Compare and Contrast?
I’ve been trying to get my mind off America’s ideological wars by reading Maurice Godellier’s highly technical anthropological treatise the Metamorphosis of Kinship. Unfortunately, everything is implicated in everything else. As I pointed out a long time ago, reality isn’t consistent; but it is stringy. Godelier’s expose of the ideas and practices of the Baruya, the New Guinea tribe he studied as a young ethnographer, turn out to be highly relevant to understanding the right-to-life debate in the United States. There is no escape.
The Baruya theory of human reproduction serves as the justification if not the inspiration of their social system. It holds that the child is produced by the semen of the male with the help of the Sun god, who contributes a spiritual element. Women, on the other hand, have a strictly supporting role, as befits creatures regarded with scorn and sometimes fear. The Baruya place an enormously high value on semen. It not only creates life, but also has other uses. Baruya boys leave their family hut at nine or ten and live together in a communal dwelling with other boys until they are initiated into adulthood and marry. During that period, they younger males are made to drink the semen of the older boys in order to imbibe the masculinity they need to deal with the dangerous business of interacting with females—the crucial factor is that the semen donors must have never come in contact with women themselves. After marriage, men do not have intercourse with their wives until the walls of their shared dwelling get covered with soot. Instead, in lieu of vaginal sex, the wives fellate the husbands and drink their semen in order to build up a store of mother’s milk. (Godelier does not mention whether it was permissible for a twelve-year old boy or a woman to spit under certain circumstances or what the Sun god’s role was in such cases.)
The Baruya sexual ideology may seem extreme, but their sacred biology is really no crazier than the ideas of the right-to-lifers. For that matter, a worshipful attitude towards semen is not really foreign to the West and not just because for the Catholic Church every sperm is sacred. The Aristotelian theory of reproduction comes pretty close to the Baruya version; and the Koran is full of language that suggest that although Allah introduces the soul into the embryo, the body is formed from a drop of semen. Of course the right-to-lifers don’t believe that the semen does the whole job—they have a different fetish—but their developmental biology is every bit as ideological. Although most of them avoid using the word “soul,” their assertion that “personhood” arrives with the formation of zygote amounts to essentially the same thing. “Personhood” is undetectable in a fertilized egg as the body of Christ is in a consecrated wafer. It is, in their usage, a theological idea; and the demand to outlaw abortion that it justifies is simply an attempt to end the separation of church and state and establish a religion by government action.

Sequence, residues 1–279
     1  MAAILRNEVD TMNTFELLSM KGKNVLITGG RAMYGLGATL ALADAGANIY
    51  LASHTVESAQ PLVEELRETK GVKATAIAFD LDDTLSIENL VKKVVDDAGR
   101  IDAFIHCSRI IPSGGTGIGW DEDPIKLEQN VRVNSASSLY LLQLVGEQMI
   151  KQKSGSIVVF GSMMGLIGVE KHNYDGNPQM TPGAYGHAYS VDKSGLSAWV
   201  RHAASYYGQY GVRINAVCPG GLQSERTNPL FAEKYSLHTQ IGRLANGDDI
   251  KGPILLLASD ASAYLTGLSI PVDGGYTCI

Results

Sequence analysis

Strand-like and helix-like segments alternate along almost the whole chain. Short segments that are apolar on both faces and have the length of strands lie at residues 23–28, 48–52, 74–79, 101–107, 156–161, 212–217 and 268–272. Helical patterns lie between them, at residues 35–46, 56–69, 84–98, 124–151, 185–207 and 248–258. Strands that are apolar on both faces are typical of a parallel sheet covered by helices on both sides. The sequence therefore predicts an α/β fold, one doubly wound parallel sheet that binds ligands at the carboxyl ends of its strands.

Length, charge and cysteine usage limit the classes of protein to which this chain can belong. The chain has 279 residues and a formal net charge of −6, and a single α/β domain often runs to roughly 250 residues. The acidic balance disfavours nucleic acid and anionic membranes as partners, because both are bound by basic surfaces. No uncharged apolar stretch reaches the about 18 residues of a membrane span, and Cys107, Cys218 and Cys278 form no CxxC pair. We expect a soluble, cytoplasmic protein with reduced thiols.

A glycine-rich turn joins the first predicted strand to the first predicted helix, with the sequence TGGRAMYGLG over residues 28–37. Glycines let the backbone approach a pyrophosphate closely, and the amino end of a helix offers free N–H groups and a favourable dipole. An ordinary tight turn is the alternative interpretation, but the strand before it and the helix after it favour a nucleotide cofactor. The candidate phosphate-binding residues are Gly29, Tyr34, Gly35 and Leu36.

I am now going to violate one of the cardinal rules of the age and point out something that everybody knows: Contemporary developmental biology is roughly true, and theological biology is merely false. Treating an early-stage embryo as a person is not a great deal different from asserting that the Earth is 6,000 years old and requires an equivalent sacrifice of the intellect. Educated people know that human development is a process, and that there is no absolute point of demarcation on the continuum that separates the zygote, which is obviously not a person in any way and a six-month old baby, which just as obviously is. I admit that there is something uncanny about this fact, this scandal of epigenesis; and it makes us very uncomfortable much as it is difficult to watch dying person slowly cease to be a human being. Since the facts are the facts, however, the best thing we can do is come up with reasonable laws that recognize that ending a pregnancy in ten weeks is a simply different act than infanticide or the late-term abortion of a viable fetus.
I don’t know how the Baruya came to have their ideas about conception. According to Godelier, neighboring tribes, even tribes that speak much the same language, have very different concepts and practices; and the Baruya tribe itself is only a couple of hundred years old. What does seem clear is that sacrality of semen goes along with an extreme version of male domination, also a specialty of the Baruya. Thus, to mention only one telling example, in Baruya country there are, or were before the outside world began to interfere, two trails to every destination, a higher trail for the men and a lower trail for the women. One can imagine that the reproductive theories of the Baruya are super structural reflexes of an underlying infrastructural reality, but it seems more likely to me that the theory of the magic power of sperm was actually one of the means by which the sociological reality of Baruya society was created. By the same token, the fantasy biology of the right-to-lifers is not just a part of an ancient and impressively consistent moral tradition but a way of subjugating women in the here and now. Like most Fundamentalist notions, it is in fact an innovation. In the traditional view of Jews, Catholics, and Muslims, the soul enters the fetus at quickening. Until then, to use an expression of the rabbis, it is merely a limb of the woman. Like the idea that it is obligatory to go down on your older brother, the idea that abortion is always a sin is the bright idea of some guys who want to change the status quo in their favor.